On or about March 24, 1967, and while this appeal of the support decree was pending, defendant instituted the Florida divorce action alleging that his wife had "been guilty of extreme cruelty" to him and had "also been guilty of habitually indulging in a violent and ungovernable temper." Jurisdiction was based on defendant's assertion of his domicile in Florida. Plaintiff claims that the grounds raised in this divorce proceeding were identical to those previously tried and determined in her favor in the New York action. However, after she was constructively served by publication in the Florida action, plaintiff did not appear and defaulted therein. She offers this Court two reasons for her default in the Florida proceeding. The first is that if she appeared in the Florida action, she would risk modification of the support award granted in New York. See Lynn v. Lynn, 302 N.Y. 193, 97 N.E. 2d 748, cert. denied, 342 U.S. 849, 72 S. Ct. 72, 96 L. Ed. 640 (1951). The second reason advanced by plaintiff is that she was afraid that if she went to Florida her husband would utilize his alleged "vast underworld connections," concerning the existence of which plaintiff is totally convinced, to cause her physical harm. This aspect of plaintiff's testimony is so unsubstantiated and so totally incredible that the Court gives it no weight. Plaintiff claims that the risks precluded her from exercising her right to invoke the Full Faith and Credit Clause of the United States Constitution, Art. 4, § 1, in the Florida action.

 Plaintiff, not wanting to appear in the Florida action, returned to the New York Supreme Court seeking an injunction against defendant's prosecution of the Florida action. The injunction was denied for lack of jurisdiction. Rosenstiel v. Rosenstiel, 30758/1962 and 31198/1961 (Sup. Ct. N.Y. Co. April 21, 1967). She appealed to the Appellate Division and moved for an order restraining defendant from prosecuting the Florida divorce action pending the hearing and determination of her appeal, but the application for a stay was denied on May 4, 1967. See Rosenstiel v. Rosenstiel, 278 F. Supp. 794, 798 (S.D.N.Y. 1967). On the afternoon of that date, defendant's Florida counsel filed a Praecipe for Default or Decree Con Professo and a default against plaintiff was entered. On May 5, 1967, after consultation with the Florida trial judge, the morning of May 12, 1967, was set down as the date for a final divorce hearing. A Final Judgment of Divorce was obtained by defendant against plaintiff in the Florida action at 11:28 A.M. on that date. This Judgment, while filed on the date rendered, was not "entered" or "recorded" in the Circuit Court Minute Book until the following Monday -- May 15, 1967.

 In the meantime, at 4:25 P.M. on May 12, 1967, the day defendant obtained the Final Judgment of Divorce, a judge of this Court who was unaware of the Florida Judgment signed an ex parte order to show cause brought by plaintiff in this action which provided that defendant and all those acting on his behalf be "restrained from prosecuting, going forward or otherwise taking or procuring to be taken or entered -- by default -- any Judgment or Decree of Divorce against the plaintiff herein, in the defendant's pending action for a divorce instituted by him in the Circuit Court of the 11th Judicial Circuit of Florida, in and for Dade County, Florida, on or about March 24, 1967. . . ."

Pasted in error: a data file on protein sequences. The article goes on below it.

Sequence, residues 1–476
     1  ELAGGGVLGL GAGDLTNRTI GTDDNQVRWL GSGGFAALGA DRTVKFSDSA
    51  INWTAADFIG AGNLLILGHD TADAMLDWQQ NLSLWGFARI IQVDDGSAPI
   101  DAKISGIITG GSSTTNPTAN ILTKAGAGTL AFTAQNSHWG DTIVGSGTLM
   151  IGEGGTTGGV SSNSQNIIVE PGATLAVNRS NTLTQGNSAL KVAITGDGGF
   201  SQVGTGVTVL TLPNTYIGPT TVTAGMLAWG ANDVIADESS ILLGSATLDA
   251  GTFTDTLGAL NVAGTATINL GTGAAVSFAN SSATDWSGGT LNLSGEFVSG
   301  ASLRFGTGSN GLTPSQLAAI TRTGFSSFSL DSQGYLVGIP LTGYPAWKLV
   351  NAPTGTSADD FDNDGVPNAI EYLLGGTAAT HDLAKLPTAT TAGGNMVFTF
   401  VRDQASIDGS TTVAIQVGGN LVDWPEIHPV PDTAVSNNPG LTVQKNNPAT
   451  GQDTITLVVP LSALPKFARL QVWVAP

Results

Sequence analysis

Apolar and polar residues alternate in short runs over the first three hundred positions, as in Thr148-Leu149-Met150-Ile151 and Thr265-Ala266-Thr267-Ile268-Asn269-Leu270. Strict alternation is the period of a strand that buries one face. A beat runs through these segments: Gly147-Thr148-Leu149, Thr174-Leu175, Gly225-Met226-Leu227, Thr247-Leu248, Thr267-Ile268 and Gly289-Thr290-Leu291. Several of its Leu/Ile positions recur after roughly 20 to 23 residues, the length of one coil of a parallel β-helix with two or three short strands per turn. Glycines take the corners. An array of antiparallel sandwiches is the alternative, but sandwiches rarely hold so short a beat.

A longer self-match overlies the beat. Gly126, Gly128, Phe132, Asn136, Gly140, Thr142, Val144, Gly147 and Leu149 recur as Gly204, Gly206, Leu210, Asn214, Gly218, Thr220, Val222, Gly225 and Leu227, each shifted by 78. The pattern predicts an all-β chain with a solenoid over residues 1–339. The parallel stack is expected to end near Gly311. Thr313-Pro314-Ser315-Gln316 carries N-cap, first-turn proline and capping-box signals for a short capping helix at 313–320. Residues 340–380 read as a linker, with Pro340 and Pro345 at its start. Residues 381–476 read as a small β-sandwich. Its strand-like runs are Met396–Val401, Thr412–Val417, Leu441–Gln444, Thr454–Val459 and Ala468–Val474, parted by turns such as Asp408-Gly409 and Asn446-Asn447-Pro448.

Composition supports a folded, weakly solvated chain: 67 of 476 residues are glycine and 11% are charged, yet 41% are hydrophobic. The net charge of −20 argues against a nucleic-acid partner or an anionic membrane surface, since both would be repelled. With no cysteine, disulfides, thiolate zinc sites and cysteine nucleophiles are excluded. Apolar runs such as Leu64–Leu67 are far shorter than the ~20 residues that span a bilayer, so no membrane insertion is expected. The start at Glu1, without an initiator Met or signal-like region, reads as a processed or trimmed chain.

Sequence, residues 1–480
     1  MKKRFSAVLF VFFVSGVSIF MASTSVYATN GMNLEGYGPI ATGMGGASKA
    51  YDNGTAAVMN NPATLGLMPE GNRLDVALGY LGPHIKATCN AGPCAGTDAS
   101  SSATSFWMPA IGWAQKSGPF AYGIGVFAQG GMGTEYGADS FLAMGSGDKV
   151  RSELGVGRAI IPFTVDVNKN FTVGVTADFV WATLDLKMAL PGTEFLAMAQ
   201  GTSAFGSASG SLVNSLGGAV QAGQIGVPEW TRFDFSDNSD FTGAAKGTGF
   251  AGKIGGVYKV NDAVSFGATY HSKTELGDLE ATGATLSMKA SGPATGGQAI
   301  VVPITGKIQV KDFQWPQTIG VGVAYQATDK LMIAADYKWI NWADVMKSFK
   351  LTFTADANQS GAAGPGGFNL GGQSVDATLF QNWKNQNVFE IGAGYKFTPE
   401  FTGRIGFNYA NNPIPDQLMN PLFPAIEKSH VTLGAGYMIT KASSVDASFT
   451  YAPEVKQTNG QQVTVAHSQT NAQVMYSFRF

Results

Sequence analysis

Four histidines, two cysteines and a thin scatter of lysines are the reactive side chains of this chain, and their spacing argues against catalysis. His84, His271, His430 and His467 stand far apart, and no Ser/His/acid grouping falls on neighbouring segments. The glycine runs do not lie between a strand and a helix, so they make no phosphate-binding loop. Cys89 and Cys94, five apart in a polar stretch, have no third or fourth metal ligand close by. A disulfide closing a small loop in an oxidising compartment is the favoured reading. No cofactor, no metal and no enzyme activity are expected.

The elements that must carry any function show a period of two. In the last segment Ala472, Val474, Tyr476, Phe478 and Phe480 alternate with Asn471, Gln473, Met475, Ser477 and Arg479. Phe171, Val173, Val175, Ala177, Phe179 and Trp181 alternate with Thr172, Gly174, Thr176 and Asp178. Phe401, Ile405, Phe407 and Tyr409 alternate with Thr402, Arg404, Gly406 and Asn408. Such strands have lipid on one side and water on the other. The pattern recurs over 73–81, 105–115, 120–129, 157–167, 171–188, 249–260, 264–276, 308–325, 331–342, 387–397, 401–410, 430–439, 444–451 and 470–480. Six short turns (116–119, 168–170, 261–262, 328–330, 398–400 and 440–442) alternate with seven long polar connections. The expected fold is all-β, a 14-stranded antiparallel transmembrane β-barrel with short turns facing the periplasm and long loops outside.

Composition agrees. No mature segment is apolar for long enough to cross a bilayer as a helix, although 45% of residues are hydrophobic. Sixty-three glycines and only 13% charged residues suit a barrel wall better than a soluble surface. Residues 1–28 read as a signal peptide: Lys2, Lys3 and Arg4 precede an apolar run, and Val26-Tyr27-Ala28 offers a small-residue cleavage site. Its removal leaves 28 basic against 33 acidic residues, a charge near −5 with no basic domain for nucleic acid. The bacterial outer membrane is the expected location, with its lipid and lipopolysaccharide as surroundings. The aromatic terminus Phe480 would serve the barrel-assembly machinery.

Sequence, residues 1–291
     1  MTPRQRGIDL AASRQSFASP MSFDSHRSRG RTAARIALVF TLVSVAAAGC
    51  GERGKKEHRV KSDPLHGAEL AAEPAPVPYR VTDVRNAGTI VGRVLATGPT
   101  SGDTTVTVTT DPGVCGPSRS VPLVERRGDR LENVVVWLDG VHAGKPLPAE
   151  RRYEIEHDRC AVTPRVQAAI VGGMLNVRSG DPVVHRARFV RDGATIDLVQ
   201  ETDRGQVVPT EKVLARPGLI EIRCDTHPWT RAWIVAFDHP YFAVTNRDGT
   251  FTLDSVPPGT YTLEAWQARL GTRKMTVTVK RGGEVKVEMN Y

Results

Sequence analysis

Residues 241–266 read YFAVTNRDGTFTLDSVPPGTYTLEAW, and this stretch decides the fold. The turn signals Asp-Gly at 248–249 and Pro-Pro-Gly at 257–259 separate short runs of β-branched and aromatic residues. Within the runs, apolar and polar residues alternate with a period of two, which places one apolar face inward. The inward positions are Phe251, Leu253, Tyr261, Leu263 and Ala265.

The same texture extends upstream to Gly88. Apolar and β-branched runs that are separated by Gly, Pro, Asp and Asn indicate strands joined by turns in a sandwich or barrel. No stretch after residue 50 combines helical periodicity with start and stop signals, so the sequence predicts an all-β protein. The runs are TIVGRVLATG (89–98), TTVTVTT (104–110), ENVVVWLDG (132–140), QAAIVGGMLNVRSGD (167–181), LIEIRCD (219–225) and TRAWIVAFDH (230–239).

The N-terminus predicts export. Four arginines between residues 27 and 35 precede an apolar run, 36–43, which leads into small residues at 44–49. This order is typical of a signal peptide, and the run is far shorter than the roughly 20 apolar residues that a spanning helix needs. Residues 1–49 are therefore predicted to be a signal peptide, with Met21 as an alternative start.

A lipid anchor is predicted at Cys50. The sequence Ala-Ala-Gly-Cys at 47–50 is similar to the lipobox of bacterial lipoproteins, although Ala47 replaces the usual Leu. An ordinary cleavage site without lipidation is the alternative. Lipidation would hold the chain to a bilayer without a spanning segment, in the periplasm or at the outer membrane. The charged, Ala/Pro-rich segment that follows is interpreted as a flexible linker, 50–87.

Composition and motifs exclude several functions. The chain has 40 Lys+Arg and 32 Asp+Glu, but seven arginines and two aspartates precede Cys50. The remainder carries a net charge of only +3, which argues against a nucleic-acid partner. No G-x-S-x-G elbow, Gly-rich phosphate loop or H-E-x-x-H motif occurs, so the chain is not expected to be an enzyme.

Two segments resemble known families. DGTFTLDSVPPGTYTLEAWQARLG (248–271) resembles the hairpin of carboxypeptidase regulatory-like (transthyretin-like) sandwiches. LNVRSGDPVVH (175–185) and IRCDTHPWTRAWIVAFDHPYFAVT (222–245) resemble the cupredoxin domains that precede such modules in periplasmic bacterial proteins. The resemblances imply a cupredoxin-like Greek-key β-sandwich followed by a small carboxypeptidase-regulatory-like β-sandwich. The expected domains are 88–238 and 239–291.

At the hearing on the order to show cause and in plaintiff's supporting papers, plaintiff sought to convert the original motion for a prohibitory injunction, which had become moot, into a motion for a mandatory injunction requiring defendant to undo the acts already completed; plaintiff also moved to punish defendant and/or his attorneys, agents, or others acting on his behalf, for noncompliance with the temporary restraining order. Both motions were denied. Rosenstiel v. Rosenstiel, 278 F. Supp. 794 (S.D.N.Y. 1967) (Tenney, J.).

 The Court turns first to the issue of the validity of defendant's ex parte Florida divorce. Plaintiff contends that defendant was not a bona fide domiciliary of Florida and that, therefore, the Florida court was without jurisdiction to grant defendant a divorce. She further contends that the decree was procured by fraud in that defendant did not apprise the Florida court of the prior proceedings in New York before Mr. Justice Helman.

 The Supreme Court has held:

 

"Under our system of law, judicial power to grant a divorce -- jurisdiction, strictly speaking -- is founded on domicil. Bell v. Bell, 181 U.S. 175, 21 S. Ct. 551, 45 L. Ed. 804; Andrews v. Andrews, 188 U.S. 14 . . ., 23 S. Ct. 237, 47 L. Ed. 366. The domicil of one spouse within a State gives power to that State, we have held, to dissolve a marriage wheresoever contracted. In view of Williams v. North Carolina, supra [317 U.S. 287, 63 S. Ct. 207, 87 L. Ed. 279 (1942)], the jurisdictional requirement of domicil is freed from confusing refinements about 'matrimonial domicil, ' see Davis v. Davis, 305 U.S. 32, 41, 59 S. Ct. 3, 6, 83 L. Ed. 26 and the like. . . ."

 

Williams v. North Carolina (II), 325 U.S. 226, 229-230, 65 S. Ct. 1092, 1095, 89 L. Ed. 1577 (1945).

 But where domicile is lacking, the courts of a state are without jurisdiction to grant a divorce. Alton v. Alton, 207 F.2d 667 (3d Cir. 1953), cert. granted and then dismissed as moot, 347 U.S. 610, 74 S. Ct. 736, 98 L. Ed. 987 (1954). Furthermore, Williams (II) holds that the question of domicile in an ex parte divorce proceeding is open to collateral attack in a sister state; and upon a finding that domicile was lacking, the decree of divorce is not entitled to full faith and credit.